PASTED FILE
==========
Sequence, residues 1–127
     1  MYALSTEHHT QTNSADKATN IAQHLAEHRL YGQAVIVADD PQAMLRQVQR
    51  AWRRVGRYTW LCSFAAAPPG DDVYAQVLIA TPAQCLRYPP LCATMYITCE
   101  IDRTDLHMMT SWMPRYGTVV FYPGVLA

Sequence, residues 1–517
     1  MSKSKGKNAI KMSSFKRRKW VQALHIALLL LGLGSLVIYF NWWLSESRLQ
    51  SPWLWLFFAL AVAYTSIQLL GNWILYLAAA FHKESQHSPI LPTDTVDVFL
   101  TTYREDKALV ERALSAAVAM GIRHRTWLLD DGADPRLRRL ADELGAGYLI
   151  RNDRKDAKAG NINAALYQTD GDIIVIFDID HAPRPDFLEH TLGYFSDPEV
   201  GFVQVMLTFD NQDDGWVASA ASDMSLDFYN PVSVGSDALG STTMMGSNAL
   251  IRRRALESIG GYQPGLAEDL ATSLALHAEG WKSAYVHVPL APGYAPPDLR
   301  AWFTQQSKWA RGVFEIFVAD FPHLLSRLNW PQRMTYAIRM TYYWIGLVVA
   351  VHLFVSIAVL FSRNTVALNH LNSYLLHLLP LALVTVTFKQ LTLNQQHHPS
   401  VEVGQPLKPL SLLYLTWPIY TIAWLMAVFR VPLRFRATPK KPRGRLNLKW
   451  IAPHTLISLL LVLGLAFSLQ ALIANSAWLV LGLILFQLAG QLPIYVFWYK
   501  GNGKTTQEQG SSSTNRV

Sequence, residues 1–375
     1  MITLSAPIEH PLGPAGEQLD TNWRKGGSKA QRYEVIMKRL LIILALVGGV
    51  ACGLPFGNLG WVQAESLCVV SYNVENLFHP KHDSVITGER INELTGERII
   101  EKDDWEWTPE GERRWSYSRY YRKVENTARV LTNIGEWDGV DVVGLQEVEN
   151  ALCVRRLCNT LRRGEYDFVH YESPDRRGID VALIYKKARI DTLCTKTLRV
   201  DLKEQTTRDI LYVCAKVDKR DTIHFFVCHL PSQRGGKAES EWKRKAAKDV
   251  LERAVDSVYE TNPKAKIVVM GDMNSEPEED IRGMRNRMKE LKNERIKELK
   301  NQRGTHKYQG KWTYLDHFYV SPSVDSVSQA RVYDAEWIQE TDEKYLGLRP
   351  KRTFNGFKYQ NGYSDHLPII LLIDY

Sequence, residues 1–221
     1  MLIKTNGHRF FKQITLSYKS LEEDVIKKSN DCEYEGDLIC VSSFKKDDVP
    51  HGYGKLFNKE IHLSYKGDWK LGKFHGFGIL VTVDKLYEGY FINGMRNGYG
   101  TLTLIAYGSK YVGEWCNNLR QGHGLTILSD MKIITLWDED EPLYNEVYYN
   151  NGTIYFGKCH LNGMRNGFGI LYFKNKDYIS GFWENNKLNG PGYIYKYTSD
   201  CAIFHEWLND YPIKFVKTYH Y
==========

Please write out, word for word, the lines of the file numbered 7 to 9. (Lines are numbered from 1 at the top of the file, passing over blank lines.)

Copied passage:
    51  SPWLWLFFAL AVAYTSIQLL GNWILYLAAA FHKESQHSPI LPTDTVDVFL
   101  TTYREDKALV ERALSAAVAM GIRHRTWLLD DGADPRLRRL ADELGAGYLI
   151  RNDRKDAKAG NINAALYQTD GDIIVIFDID HAPRPDFLEH TLGYFSDPEV